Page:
It is cool to see the Swatch Group fill out more of its brands’ affordable collections with upgraded ETA movements and COSC chronometer-certified versions at that. The Mido Multifort Chronometer is the latest to join the slowly expanding club with its Caliber 80 Si. This means the Mido Multifort Chronometer offers an overall package with not only the movement’s technical benefits but some horological interest as well, all in a handsome if straightforward presentation very much in line with Mido’s personality.
Founded in 1918, Mido is 100 years old this year, and the Multifort collection name actually goes all the way back to 1934. The Multifort is one of Mido’s key families, and while it’s unclear how its lineage ties directly to the model from over 80 years ago aside from its name and maker, the modern Multifort watches tend to share features like the Geneva stripe dials. Mido says that the Geneva stripes in the collection are meant to “evoke the suspension cables on Sydney Harbour Bridge.” The new Mido Multifort Chronometer has applied, sloping, wedge-shaped indices that are a break from the eight dots and four stick indices I tend to associate with the Multifort watches.
The Mido Multifort Chronometer is 42mm wide in steel with a water resistance of 100m for reasonable durability and versatility. There are actually six versions of the Mido Multifort Chronometer with different case material finishes, dial colors, and strap or bracelet options. Mido is emphasizing this black DLC-coated version, however, that has beige Super-LumiNova on the hands, as well as other highlights and a rubber strap to go with it. Mido tells us that the hour and minute hands are diamond-cut, satin finished, and triple faceted – all under a domed sapphire crystal, naturally. People will appreciate the day and date wheels that are black to match the dial, though their texts are the only white elements present. The display caseback offers a view of the Caliber 80 Si automatic movement with decent decoration for its price.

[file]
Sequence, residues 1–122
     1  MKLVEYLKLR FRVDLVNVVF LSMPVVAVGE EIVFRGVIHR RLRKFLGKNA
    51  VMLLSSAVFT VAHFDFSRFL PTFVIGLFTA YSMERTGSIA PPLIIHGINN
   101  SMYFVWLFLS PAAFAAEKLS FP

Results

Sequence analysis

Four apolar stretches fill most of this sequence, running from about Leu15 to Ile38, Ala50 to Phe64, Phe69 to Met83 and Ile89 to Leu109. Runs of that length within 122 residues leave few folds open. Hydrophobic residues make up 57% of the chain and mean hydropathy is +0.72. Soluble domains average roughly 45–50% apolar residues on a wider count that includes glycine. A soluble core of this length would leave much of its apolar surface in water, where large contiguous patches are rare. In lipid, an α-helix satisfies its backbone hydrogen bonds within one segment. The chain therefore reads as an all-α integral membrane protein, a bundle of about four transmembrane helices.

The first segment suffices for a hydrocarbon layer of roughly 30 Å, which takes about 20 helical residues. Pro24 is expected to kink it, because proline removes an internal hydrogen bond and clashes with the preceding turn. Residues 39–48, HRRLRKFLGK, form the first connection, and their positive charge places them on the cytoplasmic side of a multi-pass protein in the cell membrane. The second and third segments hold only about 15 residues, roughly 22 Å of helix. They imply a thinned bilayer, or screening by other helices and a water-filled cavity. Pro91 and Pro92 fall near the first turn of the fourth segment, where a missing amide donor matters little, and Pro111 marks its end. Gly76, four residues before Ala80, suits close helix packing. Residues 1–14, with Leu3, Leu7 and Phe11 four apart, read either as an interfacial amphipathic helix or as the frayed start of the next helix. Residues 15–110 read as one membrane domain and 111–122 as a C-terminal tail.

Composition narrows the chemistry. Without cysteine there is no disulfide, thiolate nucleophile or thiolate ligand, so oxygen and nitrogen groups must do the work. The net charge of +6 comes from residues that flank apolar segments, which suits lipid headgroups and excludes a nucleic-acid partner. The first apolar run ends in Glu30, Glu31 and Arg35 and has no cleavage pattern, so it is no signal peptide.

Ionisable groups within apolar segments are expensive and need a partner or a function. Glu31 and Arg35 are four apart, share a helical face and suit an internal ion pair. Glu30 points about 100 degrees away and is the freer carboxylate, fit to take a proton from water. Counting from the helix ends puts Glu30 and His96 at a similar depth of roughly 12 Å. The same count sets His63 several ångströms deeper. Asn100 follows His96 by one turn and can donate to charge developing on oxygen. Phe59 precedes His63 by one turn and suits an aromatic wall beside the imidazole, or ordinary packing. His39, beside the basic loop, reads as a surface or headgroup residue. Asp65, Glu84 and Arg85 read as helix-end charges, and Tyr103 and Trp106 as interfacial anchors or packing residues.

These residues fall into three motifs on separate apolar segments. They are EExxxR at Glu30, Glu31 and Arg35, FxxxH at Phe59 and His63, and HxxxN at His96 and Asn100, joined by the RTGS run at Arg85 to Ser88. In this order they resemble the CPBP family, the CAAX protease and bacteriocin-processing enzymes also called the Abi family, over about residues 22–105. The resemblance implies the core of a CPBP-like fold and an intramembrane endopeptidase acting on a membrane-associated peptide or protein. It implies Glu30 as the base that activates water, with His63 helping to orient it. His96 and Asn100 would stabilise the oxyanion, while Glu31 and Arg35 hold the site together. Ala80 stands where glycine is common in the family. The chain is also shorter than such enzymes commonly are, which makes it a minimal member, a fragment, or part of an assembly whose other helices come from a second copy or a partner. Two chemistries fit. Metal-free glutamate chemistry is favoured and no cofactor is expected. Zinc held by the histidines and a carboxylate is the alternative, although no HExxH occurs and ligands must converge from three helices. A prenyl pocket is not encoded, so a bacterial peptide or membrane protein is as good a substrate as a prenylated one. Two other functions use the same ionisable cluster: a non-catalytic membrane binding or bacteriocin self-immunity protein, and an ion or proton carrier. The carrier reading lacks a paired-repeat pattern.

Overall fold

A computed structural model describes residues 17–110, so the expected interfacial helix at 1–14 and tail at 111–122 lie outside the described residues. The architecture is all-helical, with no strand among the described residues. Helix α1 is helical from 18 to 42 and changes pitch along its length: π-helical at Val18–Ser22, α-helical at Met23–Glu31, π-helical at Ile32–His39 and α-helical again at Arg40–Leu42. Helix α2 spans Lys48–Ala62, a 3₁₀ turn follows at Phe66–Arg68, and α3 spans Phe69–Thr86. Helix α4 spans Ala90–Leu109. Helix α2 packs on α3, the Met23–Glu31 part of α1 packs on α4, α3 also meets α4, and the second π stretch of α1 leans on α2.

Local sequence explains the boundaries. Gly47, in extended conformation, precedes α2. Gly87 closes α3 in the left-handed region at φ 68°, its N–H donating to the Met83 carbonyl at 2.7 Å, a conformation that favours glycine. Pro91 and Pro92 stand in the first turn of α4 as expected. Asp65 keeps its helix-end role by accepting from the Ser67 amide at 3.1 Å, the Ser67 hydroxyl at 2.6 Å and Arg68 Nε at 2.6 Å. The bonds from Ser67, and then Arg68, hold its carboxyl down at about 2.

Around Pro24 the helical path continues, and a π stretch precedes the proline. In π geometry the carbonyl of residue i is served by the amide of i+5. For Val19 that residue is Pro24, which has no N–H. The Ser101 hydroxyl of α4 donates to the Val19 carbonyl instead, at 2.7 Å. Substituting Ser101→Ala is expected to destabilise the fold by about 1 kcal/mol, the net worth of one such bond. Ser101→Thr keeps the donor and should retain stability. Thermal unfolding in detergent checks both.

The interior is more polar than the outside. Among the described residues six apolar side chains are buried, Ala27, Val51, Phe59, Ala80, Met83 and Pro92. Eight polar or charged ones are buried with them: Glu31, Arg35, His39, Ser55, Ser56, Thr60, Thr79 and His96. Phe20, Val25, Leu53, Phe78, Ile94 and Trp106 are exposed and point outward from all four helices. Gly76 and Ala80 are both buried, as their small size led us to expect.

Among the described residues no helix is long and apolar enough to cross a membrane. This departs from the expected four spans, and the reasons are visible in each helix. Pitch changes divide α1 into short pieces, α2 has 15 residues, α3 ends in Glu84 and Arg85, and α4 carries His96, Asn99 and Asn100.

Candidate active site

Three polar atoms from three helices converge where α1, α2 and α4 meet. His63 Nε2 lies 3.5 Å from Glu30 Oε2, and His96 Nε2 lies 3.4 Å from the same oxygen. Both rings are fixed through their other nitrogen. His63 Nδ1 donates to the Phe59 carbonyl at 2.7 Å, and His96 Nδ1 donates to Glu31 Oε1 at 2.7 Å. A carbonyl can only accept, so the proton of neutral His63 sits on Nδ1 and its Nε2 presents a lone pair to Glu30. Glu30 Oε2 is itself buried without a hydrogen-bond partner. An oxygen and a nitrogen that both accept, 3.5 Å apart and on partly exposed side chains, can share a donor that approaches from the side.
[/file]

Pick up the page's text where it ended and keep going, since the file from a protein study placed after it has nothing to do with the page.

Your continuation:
So far, the base C07.821 movement or something similar in the same C series from the Swatch Group’s movement-making powerhouse ETA has had various names when found in watches from different brands, and we’ve discussed them a number of times. It is based on the ETA 2824 but with many components having been refined, a silicon hairspring offering a number of benefits, as well as its frequency being slowed from 4Hz to 3Hz in order to extend its power reserve to 80 hours. Concerns that this reduced frequency would adversely affect accuracy has been allayed by COSC chronometer-certified versions like the Mido Multifort Chronometer. This means the movement’s accuracy has been tested to maintain an average daily rate of −4/+6 seconds, just to remind you.
Mido’s marketing materials describe the Multifort Chronometer as a “casual-chic timepiece with a distinctly contemporary spirit,” which sounds about right to me as well as descriptive of the brand overall. The Mido Multifort Chronometer, again, comes in several versions. The two-tone version on a two-tone bracelet has a price of $1,440; all-steel case with steel bracelet and black dial is $1,290; with a rose gold PVD steel case on a brown leather strap, the price is $1,360; and on a black strap in steel with a silver dial, the price is $1,250. The version highlighted here with black DLC stainless steel on a tan fabric strap has a price of $1,380. See more on shopmido.com